I’d spent two days on planes, starting in Doha, with airport stops in Cape Town and Windhoek; before finally landing in Lubango, Angola. Chris, one of our two guides for the coming 12 days, waited patiently for us at arrivals. Meanwhile, Shawn, our second guide, was outside using the little free time between the departing group and our arrival to carry out some on-the-fly maintenance on one of the 4-wheel drive twin cab pickup trucks. “The roads are rough”, he said. That turned out to be a serious understatement.

I was exhausted from the journey, but excited to finally step foot on Angolan soil. The country is located on the west coast of Africa, sandwiched between Congo to the north and Namibia to the south. First settled by humans during the Stone Age, Angola was colonised by Portugal for 400 years. Used in part as a base for the trans-Atlantic slave trade, the country has played host to a violent history that includes a brutal civil war that lasted 25 years from their independence in 1975.

View of the plateau meeting the Atlantic - Photo Credit: Flamingo Lodge

Stringent, somewhat archaic, visa requirements mean few tourists visit Angola and even with some pre-trip reading there was an air of mystery and adventure about the place. I’d read of many fascinating sights and unique indigenous cultures that would make for a rewarding trip. On this occasion, however, we all came with one goal in mind: Lichia amia. 

The leerfish, or garrick, is an enigmatic species that grows to 1.5m and 30kg. Nicknamed the gentlemen of the sea for their hard, but clean fighting abilities, they inhabit the surf zone, within reach of a land-based lure angler. Southern Angola is a hotspot for oversized leerfish and I had arrived with the aim of landing a 15kg fish on artificial lure.

The fish we were all here for, in a spectacular desert setting for trophy shots

Our flight landed in the early afternoon and we immediately set off on the 5-hour car ride ahead of us. With a quick stop to get basic supplies for camp we were on our way. Our destination: the iconic Flamingo Lodge. Within an hour we were leaving Lubango behind, the road winding through small villages with a backdrop of Baobab trees and semi-arid desert brush. Soon enough we were making our way down the infamous Serra da Leba pass. Known for its intense hairpin turns, the pass marks the end of the inland escarpment, dropping from 1,845m altitude to sea level over a distance of only 10km.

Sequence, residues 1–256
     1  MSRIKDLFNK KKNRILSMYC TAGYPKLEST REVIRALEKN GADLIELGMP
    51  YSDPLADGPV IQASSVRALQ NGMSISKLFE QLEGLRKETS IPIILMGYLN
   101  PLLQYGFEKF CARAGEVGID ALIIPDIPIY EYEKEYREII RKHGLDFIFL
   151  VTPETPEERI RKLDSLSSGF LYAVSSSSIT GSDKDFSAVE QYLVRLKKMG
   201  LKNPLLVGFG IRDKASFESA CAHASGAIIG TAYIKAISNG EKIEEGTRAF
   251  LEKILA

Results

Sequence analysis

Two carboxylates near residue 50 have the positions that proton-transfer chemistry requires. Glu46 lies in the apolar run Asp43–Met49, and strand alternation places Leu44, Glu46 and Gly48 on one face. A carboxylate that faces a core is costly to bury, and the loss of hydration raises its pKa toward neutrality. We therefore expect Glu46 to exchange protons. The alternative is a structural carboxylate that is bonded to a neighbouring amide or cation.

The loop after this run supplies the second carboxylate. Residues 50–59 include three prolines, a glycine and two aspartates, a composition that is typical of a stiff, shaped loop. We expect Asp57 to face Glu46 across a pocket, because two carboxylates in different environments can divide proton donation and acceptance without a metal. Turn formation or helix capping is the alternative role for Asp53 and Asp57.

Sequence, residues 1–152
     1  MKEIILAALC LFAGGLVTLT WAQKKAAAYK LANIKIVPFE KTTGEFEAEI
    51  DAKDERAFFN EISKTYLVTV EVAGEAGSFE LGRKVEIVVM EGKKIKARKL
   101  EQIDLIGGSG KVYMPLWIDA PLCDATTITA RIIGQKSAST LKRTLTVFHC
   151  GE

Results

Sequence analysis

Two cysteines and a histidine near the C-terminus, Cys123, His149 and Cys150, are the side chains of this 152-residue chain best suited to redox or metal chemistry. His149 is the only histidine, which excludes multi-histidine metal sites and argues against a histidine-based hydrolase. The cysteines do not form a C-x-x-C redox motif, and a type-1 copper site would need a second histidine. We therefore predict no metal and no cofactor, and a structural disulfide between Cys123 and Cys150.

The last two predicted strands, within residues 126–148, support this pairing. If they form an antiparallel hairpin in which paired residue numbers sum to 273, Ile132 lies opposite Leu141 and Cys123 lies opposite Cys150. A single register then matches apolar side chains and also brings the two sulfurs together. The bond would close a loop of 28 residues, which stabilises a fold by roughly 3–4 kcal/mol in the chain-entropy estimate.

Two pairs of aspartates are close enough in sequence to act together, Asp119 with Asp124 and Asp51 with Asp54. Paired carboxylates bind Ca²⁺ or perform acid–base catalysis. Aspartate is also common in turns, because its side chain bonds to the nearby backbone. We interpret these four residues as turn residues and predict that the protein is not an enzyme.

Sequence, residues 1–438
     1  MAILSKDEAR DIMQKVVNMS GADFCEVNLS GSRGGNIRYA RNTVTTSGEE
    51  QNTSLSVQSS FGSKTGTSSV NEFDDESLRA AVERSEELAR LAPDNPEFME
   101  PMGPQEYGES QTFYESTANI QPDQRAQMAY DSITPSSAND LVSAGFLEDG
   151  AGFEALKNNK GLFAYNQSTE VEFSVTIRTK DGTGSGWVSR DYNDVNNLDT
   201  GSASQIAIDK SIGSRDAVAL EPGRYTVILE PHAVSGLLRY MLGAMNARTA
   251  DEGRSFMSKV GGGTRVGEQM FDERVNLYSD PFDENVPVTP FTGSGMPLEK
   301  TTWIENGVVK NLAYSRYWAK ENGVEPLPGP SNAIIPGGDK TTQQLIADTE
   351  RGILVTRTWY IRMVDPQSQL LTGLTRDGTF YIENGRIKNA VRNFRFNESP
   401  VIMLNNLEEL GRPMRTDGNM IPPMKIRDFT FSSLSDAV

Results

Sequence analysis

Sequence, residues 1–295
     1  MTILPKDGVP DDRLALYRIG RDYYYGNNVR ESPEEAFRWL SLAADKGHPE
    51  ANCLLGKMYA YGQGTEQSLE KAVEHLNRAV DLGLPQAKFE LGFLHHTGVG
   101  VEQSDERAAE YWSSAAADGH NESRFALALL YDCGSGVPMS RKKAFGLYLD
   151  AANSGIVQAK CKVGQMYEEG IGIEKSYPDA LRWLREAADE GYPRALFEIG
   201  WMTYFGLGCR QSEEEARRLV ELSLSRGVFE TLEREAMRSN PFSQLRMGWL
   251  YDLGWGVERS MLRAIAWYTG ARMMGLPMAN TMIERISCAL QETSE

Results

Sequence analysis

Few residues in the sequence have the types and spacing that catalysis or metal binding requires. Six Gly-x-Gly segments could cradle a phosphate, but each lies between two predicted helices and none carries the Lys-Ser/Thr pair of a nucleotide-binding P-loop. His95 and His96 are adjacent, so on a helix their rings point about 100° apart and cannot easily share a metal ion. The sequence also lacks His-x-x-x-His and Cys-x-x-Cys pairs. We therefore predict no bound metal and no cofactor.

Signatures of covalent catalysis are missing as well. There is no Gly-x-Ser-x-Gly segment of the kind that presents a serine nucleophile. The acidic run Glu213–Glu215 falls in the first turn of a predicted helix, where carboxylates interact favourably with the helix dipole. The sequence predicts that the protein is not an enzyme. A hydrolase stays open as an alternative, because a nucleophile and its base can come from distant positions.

From here the condition of the road rapidly deteriorated. Potholes large enough to swallow passenger buses are not uncommon. Locals plant trees in the larger holes so drivers can spot them from further away and avoid the danger. It’s quite a unique sight driving along a highway with tree tops showing out of potholes, the odd car wreck being dodged by local drivers going at 120km/h. It was well past sunset when we finally arrived in camp and we wasted no time sorting gear for the next day’s fishing.

Serra da Leba pass

We’d set off from camp before dawn and it was only after sunrise that we could finally take in the magnificent setting. Driving along the beach, watching the water for signs of fish activity, the surrounding scenery was truly breathtaking. To one side, an endless expanse of desert dunes framed by the Serra da Chela escarpment in the distance. To the other, the mighty Atlantic Ocean violently lashing the coastline, almost as if offended at our presence. The lodge stands on the edge of a low plateau that abruptly rises from the beach to create a dramatic setting with incredible views in all directions. 

A major storm had blown through just days before our arrival and conditions were rough. It was mid-August, the tail end of winter, bitterly cold and the sea was up. Difficult fishing conditions, but we roamed far and wide in the SUVs, stopping to cast out lures in any likely looking spots. Fishing was slow on that first day and we only managed a couple of small shad (bluefish or tailor, as they’re known in other parts). Our never tiring guides prepared an excellent barbecue on the beach and if the fishing was poor, at least the company was excellent.

Aerial view of Flaming Lodge - Photo Credit: Flamingo Lodge

The next couple of days were frustrating. The weather wasn’t playing ball, grey skies and cold wind settled on the land and at times it felt almost hopeless. Shawn and Chris remained ever optimistic and never seemed to take a break from trying to put us on the fish. We followed a routine of leaving camp just before dawn, driving along the beach and casting endlessly at phantom fish. Using mainly metal spoons and surface plugs, we covered lots of water, but to no avail.